Government often explains and excuses manipulation of data and the truth as being in the public interest. They are protecting us, they say. Aren’t they great?


If we all believed we were in Earth School — that there was a purpose to life on Earth and that it was to continually learn lessons about love — we might realize that speaking our unvarnished, unapologetic truth leads to personal growth and social improvements. I wonder what people would say to each other under those circumstances.

How could we make breaking up, dying, and sharing sexually more intimate and meaningful? How could we make them more profound learning experiences through open and honest communication? How could we heal each other even when facing difficult challenges and decisions?

Maybe, someday, we can figure this out. I am working on my own solution for me.

Dreamy bodies

Physical attractionA stereotype we’ve all heard says that men are obsessed with women’s bodies. It’s so solidified in mass consciousness that it’s often considered an indisputable fact of life.

In conversations about sex, a major complaint is that heterosexual men become preoccupied with how a female body looks. They focus their rapt attention only on physical ideals. Nothing else seems to matter to them. Eventually this cultural indoctrination renders a man incapable of appreciating “real” women with “real” bodies.

I am a man. Hard as I try not to take this allegation personally, I usually take it personally. The allegation does not describe my consciousness, but I still think women believe that it does—because I am a man, and that’s the way men are.

It’s something like hearing people in other countries say that Americans are all ugly, ruthless, violent, mercenary, uncaring. What? Huh? Me? No!

Men’s lust is often portrayed as robotic, as part of the program that controls human males. There’s the visual cliche of the pretty woman walking down the street and men train their eyes on her like automatons. There’s even a pithy film out there to show how obnoxious this can be for a woman having to endure stares, catcalls, and annoying propositions.

So I wonder: what’s good for men (or more specifically for me) about being attracted to women? (I’ve thought of lobbying God on this issue I would love to see a new on/off switch for this attract-o-meter feature. It would be great to turn it off and be apathetic to attraction.)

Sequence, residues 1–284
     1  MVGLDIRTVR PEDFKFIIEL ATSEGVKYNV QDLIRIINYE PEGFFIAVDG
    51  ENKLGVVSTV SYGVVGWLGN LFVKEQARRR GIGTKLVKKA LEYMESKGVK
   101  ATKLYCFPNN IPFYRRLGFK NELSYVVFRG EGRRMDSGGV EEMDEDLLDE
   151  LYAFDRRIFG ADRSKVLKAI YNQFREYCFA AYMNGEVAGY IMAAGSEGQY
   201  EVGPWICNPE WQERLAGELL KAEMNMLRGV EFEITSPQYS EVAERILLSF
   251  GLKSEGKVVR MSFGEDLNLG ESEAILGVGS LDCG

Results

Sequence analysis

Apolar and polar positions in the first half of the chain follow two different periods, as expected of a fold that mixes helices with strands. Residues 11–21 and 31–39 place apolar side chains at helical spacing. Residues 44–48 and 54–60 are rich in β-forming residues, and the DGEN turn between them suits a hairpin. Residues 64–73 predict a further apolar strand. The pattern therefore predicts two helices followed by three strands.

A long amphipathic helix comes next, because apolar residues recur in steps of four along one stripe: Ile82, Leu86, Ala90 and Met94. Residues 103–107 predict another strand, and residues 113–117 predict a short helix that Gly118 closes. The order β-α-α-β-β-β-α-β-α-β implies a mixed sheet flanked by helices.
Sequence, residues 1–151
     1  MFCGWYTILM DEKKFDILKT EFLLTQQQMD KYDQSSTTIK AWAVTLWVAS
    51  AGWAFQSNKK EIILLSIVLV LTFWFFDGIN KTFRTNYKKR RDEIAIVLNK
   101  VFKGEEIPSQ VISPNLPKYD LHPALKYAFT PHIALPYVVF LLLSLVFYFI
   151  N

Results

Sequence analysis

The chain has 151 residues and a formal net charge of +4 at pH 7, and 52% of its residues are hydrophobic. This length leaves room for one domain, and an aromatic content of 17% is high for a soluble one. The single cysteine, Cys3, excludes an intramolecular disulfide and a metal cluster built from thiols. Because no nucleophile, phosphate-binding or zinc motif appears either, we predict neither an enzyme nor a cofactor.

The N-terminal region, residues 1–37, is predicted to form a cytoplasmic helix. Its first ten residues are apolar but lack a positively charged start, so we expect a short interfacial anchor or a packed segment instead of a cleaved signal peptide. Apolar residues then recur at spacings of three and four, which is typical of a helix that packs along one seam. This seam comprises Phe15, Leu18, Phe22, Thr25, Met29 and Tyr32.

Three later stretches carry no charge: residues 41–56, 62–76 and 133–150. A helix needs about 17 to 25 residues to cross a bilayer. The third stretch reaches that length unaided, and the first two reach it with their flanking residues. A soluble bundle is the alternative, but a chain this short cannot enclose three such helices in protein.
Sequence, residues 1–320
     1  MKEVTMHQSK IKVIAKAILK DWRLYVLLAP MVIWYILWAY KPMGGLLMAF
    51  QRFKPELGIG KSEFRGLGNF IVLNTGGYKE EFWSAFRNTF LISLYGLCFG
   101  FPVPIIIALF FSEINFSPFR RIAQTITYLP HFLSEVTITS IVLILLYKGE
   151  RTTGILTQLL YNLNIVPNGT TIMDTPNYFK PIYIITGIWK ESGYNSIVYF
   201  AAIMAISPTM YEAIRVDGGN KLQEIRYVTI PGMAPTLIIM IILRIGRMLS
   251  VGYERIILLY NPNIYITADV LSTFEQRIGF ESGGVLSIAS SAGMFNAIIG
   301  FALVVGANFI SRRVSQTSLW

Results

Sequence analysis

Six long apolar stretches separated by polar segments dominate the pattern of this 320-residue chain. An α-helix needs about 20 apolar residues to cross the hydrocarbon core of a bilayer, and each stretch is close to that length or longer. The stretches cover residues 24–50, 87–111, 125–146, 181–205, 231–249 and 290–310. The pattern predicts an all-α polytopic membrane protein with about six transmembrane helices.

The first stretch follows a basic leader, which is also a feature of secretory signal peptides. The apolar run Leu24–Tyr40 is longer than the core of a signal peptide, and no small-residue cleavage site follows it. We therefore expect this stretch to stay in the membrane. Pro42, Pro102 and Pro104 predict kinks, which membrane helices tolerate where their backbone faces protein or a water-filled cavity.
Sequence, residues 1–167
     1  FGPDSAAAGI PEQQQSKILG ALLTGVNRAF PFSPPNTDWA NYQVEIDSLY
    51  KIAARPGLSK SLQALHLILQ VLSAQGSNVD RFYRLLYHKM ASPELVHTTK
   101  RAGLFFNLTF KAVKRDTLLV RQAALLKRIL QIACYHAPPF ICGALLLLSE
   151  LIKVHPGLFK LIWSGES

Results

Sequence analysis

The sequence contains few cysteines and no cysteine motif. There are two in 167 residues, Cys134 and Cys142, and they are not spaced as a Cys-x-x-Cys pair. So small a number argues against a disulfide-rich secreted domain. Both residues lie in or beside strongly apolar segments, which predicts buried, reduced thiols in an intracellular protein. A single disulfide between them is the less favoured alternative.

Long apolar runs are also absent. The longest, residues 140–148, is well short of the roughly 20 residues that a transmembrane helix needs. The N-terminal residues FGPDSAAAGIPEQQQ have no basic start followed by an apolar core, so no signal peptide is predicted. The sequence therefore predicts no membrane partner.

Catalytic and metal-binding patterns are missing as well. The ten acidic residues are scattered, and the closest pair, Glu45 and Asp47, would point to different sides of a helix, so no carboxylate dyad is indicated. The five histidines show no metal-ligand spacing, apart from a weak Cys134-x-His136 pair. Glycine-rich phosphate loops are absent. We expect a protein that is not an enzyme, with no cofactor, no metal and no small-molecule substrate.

We have culturally dumbed down the portrayal of sexual attraction to a cartoon level stereotype — eyes rolling, tongue wagging, steam pouring out of ears. Basic carnal stupidity in the face of feminine beauty (often the feminine parts are stretched to new and even more ridiculous dimensions.)

But in the world of my night dreams, sexual attraction is often quite different than in physical life. It does not follow the same social conventions. Furthermore, the whole erotic dance in my dreams can be so different than anything on the earth plane.

In a dream I met a beautiful woman in her thirties or so who was very affectionate. We met in the parking lot of a supermarket and then met again inside the store. Without any special fanfare we began quite naturally kissing and rolling around on the floor of the market. I became fascinated with her body, particularly the tanned and intricately freckled skin of her arms.

In my dream my instant lover’s body fascinated me — yet it was intriguingly different than the cliches of sexual attraction in physical life.

She did not act seductively. She did not make ooh faces or display her breasts with come-hither stares. My attraction to her was force-of-nature natural. Being intrigued with her freckles was like being awestruck by a waterfall or sunset or seascape.  The fascination seemed more like the powerful urge to discover and explore uncharted wilderness.


Erotica in my dreams is not so much “What does this woman’s body look like?” It’s not “How does her body measure up to my ideals?” It’s not “What can this body do for me?”

It’s more like being attracted to the beauty of nature. It’s like coming to a creek in the middle of the woods. An inner and possibly outer smile blooms. I get excited and want to take it all in. I pay rapt appreciation to the sounds of the flowing water, the reflections in the pools, the patterns of the light shining through the trees, the variety of plants that grow nearby. Ultimately it’s not just each component part but the entirety of the experience.